Christian Hallowell of Bath executes a jump with his scooter off a ramp at the Midcoast Youth Center’s indoor stake park on Monday. Hallowell said he has been coming to the park twice a week for the past four years. Sean Murphy / The Forecaster

Upgrades to the skate park at Bath’s Midcoast Youth Center are helping the center continue to provide a valuable place for area youths that have a growing need for services.

Professional skateboarder and Maine native Jud Heald was among those who lent his expertise to the skate park’s upgrades this week.

Heald now lives in St. Joseph, Missouri, but he grew up in Skowhegan. When a friend in Augusta who is also building a skate park told him that the Bath-based center needed help with some upgrades, he didn’t hesitate to offer his help. He said local skaters are lucky to have an indoor place to use, and with an attached youth center as well.

“A normal skate park isn’t normally like that,” he said.

Local skaters said the skate park is a welcome haven for them, some saying the recreational outlet helps them stay out of trouble.

Aquil Alaboudi said he hangs out there almost every day, and now volunteers at the center, which he credits with changing his life for the better. He started coming four years ago when he was in seventh grade. At the time, Alaboudi said, he was getting “straight D’s and F’s” in school, but now gets straight A’s and B’s. He credits the structure of the center in helping him do better in school, and for him, the skate park offers a vital service.


“It’s a place to get away from the real world,” he said. “Skating is an escape.”

When asked what he’d be doing without the center, he gestured out the front door and said, “I’d be out there, probably doing some illegal things.” He added that his friends would most likely be getting into trouble too without the center.

“A lot of that can go wrong, you know?” he said.

Recent data shows there may be a growing need for extracurricular activities for local kids. The 2019 Maine Integrated Youth Health Survey, produced every other year by the state department of Health and Human Services, asked students in Sagadahoc County in grades 6-12 about a number of issues including use of tobacco, alcohol and drugs, as well as mental health issues such as depression and suicide.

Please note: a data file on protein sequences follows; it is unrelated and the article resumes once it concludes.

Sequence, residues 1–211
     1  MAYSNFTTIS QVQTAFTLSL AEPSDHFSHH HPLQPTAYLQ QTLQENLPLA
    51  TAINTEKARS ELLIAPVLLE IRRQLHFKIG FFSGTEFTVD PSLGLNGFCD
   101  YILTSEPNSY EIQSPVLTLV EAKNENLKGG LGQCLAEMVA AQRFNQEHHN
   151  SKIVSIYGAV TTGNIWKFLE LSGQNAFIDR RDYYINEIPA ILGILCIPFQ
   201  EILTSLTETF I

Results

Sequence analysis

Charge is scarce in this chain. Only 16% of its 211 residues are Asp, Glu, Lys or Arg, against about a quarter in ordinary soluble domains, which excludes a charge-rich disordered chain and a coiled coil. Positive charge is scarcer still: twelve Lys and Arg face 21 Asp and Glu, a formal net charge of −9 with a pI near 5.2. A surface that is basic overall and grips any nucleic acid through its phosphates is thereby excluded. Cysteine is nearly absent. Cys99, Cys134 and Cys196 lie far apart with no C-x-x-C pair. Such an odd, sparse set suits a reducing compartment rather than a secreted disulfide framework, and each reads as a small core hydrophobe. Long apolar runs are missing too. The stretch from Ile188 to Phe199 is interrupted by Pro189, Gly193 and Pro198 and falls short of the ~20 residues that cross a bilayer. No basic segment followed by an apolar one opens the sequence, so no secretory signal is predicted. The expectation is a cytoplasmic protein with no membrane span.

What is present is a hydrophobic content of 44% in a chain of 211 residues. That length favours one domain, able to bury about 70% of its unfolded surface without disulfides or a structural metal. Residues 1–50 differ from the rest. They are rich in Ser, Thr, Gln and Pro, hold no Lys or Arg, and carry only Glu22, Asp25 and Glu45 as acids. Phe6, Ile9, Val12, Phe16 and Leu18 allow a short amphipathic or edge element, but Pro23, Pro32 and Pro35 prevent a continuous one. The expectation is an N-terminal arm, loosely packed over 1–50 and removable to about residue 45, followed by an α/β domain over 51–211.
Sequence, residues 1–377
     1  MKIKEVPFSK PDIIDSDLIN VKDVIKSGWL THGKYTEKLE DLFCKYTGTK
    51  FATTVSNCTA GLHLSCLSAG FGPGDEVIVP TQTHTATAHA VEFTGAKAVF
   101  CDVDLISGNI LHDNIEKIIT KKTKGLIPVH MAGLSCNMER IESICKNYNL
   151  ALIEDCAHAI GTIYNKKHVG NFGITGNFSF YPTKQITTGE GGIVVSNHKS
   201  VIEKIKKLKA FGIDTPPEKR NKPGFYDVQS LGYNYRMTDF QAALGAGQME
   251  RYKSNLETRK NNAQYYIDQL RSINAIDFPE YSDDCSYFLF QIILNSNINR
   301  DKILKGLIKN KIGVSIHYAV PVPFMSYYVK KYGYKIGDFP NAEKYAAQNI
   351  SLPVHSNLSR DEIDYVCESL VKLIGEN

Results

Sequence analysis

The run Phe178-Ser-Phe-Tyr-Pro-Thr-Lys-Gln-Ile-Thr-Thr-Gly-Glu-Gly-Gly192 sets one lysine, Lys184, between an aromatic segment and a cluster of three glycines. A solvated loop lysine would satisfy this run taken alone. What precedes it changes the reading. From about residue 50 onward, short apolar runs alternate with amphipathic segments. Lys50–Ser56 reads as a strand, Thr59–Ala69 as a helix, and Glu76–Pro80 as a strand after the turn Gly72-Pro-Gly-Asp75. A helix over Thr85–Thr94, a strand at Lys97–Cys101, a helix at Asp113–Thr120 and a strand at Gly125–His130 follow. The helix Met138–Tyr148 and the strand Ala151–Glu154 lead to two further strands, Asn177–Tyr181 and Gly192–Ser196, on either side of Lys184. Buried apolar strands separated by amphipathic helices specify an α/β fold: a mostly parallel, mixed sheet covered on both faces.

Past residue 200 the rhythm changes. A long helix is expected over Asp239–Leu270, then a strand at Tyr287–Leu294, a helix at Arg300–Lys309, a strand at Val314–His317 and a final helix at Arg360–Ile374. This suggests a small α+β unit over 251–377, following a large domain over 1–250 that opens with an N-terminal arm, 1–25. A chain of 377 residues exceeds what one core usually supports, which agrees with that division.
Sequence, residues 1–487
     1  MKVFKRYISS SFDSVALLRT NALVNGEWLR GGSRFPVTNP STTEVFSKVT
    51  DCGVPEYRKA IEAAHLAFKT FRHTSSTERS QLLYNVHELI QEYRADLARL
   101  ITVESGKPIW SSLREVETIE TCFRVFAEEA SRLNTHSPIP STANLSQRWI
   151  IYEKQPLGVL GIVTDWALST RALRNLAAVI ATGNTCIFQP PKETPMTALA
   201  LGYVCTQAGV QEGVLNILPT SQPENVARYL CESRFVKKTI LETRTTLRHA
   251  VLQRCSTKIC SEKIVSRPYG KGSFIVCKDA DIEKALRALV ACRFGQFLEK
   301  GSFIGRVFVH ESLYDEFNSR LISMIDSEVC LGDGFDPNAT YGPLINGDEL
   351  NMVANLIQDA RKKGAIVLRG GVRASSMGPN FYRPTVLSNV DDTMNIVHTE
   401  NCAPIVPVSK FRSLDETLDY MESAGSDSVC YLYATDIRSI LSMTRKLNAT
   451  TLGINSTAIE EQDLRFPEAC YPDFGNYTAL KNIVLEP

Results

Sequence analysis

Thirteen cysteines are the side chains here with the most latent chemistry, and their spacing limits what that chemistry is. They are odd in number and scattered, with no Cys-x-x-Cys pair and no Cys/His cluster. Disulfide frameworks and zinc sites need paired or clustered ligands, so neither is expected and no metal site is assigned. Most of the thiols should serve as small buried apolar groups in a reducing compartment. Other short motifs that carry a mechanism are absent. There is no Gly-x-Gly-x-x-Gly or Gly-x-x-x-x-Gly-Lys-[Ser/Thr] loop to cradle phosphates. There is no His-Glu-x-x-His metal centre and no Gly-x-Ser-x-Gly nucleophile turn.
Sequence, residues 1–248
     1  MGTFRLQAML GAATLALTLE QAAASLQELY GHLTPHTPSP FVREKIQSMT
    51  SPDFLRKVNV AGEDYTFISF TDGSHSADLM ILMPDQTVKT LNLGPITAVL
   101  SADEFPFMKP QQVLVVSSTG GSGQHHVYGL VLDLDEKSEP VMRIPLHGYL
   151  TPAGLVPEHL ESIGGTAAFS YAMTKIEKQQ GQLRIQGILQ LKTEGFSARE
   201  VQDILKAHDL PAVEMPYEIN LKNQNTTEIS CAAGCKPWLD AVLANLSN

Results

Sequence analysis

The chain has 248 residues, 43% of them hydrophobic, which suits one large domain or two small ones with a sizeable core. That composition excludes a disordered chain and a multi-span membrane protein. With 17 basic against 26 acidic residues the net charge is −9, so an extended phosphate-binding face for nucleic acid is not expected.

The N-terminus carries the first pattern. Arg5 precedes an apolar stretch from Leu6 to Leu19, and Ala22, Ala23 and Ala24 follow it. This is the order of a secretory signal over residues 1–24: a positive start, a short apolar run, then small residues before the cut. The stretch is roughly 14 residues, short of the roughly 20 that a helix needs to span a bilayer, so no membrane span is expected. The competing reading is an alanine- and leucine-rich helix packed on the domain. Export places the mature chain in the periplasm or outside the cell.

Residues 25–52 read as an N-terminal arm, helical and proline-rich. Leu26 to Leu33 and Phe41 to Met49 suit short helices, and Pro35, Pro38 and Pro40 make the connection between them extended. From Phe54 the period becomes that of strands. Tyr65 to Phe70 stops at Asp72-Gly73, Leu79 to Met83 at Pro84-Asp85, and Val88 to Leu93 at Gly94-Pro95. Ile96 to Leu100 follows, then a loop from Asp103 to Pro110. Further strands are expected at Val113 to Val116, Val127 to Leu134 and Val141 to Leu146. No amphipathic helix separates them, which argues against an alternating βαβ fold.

According to the 2019 results, 35% of area high schoolers said they felt “so sad or hopeless almost every day for two weeks or more in a row that they stopped doing some usual activities” over the previous 12 months, compared to just over 30% in 2017. The survey also indicated that during the past 12 months, just over 19% of high school students had seriously considered attempting suicide, up from almost 18% in 2017. On the middle school level, 24.1% said they had considered killing themselves, up from almost 21% in 2017.

The survey showed marijuana use is also on the rise in the county. The percentage that reported trying it before age 11 went up from 12.2% in 2017 to 20.4% in 2019. The number of middle schoolers who admitted they smoke pot went up from 8.6% in 2017 to 10.5% in 2019. At the high school level, 35.1% of students surveyed in 2019 said they’d tried marijuana at least once, up from 32.7% in 2017.


Isabella Short-Galuza works part-time at the center but said she spends much of her free time there anyway.

The Midcoast Youth Center in Bath has just completed upgrades to its indoor skate park with the help of professional skateboarder and Maine native Jud Heald. Sean Murphy / The Forecaster

“Usually, all my friends are here,” she said.

Short-Galuza said she doubted she would be getting into mischief it if weren’t for the center, but she said it’s likely some of her friends would if they had no place to go after school.

“It keeps everyone on track,” she said.

Heald also he was touched by the commitment of the staff, not just to the park, but to the young people who use it. “There’s people here who care about the kids,” he said.

Bob Gray, the youth activities coordinator for the center, showed off the skate park’s improvements on Monday, including new ramps and obstacles made out of fresh plywood and other basic building materials. The center paid $4,000 for the raw materials, and paid for Heald’s food and lodging while he helped install the new equipment. Gray also said Kyle Whalon, a contractor based in Brunswick, volunteered his time to help with construction.


“Basically, we just remodeled things to be higher quality,” Gray said.

Gray said he could remember when the park was first built, in 2002 in a downtown location next to the library before moving to its current location in 2013. He said he spent all his spare time there, and that it helped him find a purpose in life.

“If I didn’t have the skate park, I don’t think I would have had something to be passionate about,” he said.

Gray said that the center’s skate park helps give area youths a sense of direction and purpose.

“If they weren’t here, they’d be roaming around Bath looking for something to do,” he said.

Alaboudi said he thinks the upgrades will only increase the skate park’s popularity.

“I think now that we have new equipment, we’re going to have a lot more kids in here,” he said.

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